DIY Remote Downstream Injector Box

Hey, Bill Seith here with Neptune clean, I just wanted to do a quick video on a DIY Remote Downstream Injector Box. It’s been done on the internet a bunch of times, but I wanted to try to improve upon the videos, not the construction.

It’s not my invention, but it is an awesome device, especially if you work alone and you want to turn your down streaming process into a more proficient money-making machine.

This allows you to turn you to pull one hose, hydrate plants before you start and then remotely begin soaping when you’re ready. Then, when it’s time to rinse, you hit the remote off button and you’re ready to rinse again once all the soap is out of your hose.

So, I’m in my home garage and I did something I think is cool. I laid the components out on the table and pre-wired everything so you can see how all the components get wired. Once I’m done showing you how it’s wired, I’ll go back and build the DIY Remote Downstream Injector Box.

One of the main problems with some of the videos out there is that the wiring isn’t explained very clearly. This gets confusing so I’m taking all the guesswork out of it by laying out each component, already wired, on a piece of plywood.

Once we go over the wiring, I’ll go ahead and drill the holes and place all the components in the box and show you how I how I put it together. After that, it’s ready to mount on your truck and hook up to your battery.

For this mockup, I’m using a 12V battery from my cordless drill. This system works using a handy dandy remote that communicates with a receiver inside the DIY Remote Downstream Injector Box.

DIY Remote Downstream Injector Box

The DIY remote downstream injector box has a receiver which is powered by the battery through the on/off switch. It also sends that power to the strobe light and the motorized ball valve. Once the box is energized by turning on the switch, the on/off function of the motorized soap valve is controlled by the remote switch.

The ball valve is used to allow the soap to flow into the downstream injector when turned on. Turn the remote switch off and the motorized ball valve shuts cutting off the flow of soap.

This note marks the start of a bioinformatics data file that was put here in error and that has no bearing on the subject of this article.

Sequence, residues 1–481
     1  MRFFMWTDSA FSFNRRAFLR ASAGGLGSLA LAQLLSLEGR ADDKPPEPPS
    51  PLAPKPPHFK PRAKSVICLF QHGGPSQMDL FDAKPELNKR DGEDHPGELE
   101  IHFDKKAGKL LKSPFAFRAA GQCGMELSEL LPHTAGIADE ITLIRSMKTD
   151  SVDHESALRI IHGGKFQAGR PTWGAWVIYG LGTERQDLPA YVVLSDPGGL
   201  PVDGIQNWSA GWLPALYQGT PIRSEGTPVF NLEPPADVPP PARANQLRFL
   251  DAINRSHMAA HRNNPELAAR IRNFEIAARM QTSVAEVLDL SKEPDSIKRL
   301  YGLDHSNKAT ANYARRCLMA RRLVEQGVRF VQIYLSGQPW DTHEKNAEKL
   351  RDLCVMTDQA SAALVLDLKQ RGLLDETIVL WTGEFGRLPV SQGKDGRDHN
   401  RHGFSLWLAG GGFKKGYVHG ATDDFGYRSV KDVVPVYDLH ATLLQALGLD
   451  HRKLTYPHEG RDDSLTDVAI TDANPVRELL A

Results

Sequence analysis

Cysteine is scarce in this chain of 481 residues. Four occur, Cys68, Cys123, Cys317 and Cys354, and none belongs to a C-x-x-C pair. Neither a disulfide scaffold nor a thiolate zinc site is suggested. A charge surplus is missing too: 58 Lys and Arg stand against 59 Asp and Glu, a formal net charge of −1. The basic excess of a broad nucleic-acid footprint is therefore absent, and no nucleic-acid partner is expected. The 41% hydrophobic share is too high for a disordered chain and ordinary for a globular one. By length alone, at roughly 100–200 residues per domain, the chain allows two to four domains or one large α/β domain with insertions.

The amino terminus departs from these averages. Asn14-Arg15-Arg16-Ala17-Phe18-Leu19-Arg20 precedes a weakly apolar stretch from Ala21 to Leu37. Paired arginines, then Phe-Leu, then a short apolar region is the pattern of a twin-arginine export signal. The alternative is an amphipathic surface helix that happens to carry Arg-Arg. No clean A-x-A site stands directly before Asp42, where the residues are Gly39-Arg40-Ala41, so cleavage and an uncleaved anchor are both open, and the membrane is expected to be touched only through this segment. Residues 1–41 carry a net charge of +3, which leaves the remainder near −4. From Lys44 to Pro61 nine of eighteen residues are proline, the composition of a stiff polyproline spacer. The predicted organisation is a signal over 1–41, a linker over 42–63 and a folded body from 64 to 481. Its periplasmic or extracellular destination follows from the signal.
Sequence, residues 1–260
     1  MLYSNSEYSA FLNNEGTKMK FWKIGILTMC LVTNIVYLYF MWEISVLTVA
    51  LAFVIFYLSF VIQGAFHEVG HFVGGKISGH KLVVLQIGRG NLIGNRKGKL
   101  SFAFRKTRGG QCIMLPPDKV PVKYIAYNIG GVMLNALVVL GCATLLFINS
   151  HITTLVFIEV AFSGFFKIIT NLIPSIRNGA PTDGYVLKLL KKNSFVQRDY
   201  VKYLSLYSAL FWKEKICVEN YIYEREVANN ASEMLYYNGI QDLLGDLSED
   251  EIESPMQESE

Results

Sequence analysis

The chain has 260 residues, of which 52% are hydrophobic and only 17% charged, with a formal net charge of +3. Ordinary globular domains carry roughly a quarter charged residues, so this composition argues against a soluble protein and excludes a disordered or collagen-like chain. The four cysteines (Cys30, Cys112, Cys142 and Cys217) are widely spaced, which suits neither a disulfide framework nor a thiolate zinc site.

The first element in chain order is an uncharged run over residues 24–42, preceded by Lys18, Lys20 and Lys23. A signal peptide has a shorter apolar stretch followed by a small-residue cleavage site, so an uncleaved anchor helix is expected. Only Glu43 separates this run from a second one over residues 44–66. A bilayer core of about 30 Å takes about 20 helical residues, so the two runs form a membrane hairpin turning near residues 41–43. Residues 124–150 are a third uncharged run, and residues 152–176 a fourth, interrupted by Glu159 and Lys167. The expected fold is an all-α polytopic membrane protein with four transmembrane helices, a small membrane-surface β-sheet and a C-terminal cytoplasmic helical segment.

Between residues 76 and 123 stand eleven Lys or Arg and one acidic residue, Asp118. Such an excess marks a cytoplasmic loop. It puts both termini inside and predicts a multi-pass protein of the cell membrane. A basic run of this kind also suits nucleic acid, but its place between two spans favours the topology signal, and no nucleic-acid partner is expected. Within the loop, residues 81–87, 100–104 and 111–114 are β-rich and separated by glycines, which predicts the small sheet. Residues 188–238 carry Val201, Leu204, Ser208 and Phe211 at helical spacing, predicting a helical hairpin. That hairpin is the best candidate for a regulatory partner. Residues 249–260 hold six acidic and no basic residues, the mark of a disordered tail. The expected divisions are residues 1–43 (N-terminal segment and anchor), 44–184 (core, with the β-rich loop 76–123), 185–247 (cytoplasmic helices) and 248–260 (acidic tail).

So, when you hit the button on the remote switch, bam! The strobe light come on, so you have a visual reference from afar that your soap valve is open or on. You never have to walk all the way back to the truck again. Bleach is flowing to your downstream injector.

Hit the off button, strobe light goes off the valve, shuts shutting off the soap. Now you can rinse without have to walk back to the truck.

The way I’ve got this rig set up; the most complicated part is the switch. So, I’m going to start with the outputs, the valve and the light are your outputs. You’ve got a red and a black wire for each one of these components.

You can wire the strobe and valve together, put the blacks on a connector and the red wires together on another connector.  You got a positive and a negative output on the receiver. Place the black wires on the negative output and the red wires on the positive outputs. And that’s pretty much it.

Battery side of the DIY Remote Downstream Injector Box

There are five (5) wires coming off the on/off switch. The white wire will not be used in this setup so you can wrap it up to clear it out of the way. The red and yellow wires are combined into one connector and hooked to the positive (input) on the receiver box.

The green from the switch gets connected to the positive side of the battery. Since I’m using a black and red wire combo, the red wire from the battery is spliced to the green from the switch. It is not connected to the receiver unit.

Lastly, strip the black wire from the battery and crimp it to a connector. It will be screwed down to the negative (input side) of the receiver unit.

And that’s it. It’s pretty simple. Next, I’ll go ahead and take this all apart and start drilling some holes in this box. I’ll show you how to put it together in here as well.

DIY Remote Downstream Injector Box

Assembling the DIY Remote Downstream Injector Box

The strobe light for the DIY remote downstream injector box is going to go in the top of the lid. I’m going to center the strobe light on the lid near the top and start drilling some holes. I need three (3) holes. One for the wire and two (2) more for the mounting screws.

The light is about six and three quarters of an inch long. So, I’m going to mark center point on the lid and drill a 3/8-inch hole for the wire. To mark the mounting holes for the screws, I fed the wires through my newly drilled wire hole to use the light as a template. With the light in position, I can mark the holes.